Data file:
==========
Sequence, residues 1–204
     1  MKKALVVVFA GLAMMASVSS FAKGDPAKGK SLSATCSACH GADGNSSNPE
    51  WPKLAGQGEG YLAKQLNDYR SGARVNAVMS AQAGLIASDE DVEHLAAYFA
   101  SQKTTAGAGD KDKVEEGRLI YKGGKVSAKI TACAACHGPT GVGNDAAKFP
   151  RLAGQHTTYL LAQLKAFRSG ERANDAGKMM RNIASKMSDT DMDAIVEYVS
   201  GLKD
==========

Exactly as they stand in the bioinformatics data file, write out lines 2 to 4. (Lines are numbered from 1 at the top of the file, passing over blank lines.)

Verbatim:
     1  MKKALVVVFA GLAMMASVSS FAKGDPAKGK SLSATCSACH GADGNSSNPE
    51  WPKLAGQGEG YLAKQLNDYR SGARVNAVMS AQAGLIASDE DVEHLAAYFA
   101  SQKTTAGAGD KDKVEEGRLI YKGGKVSAKI TACAACHGPT GVGNDAAKFP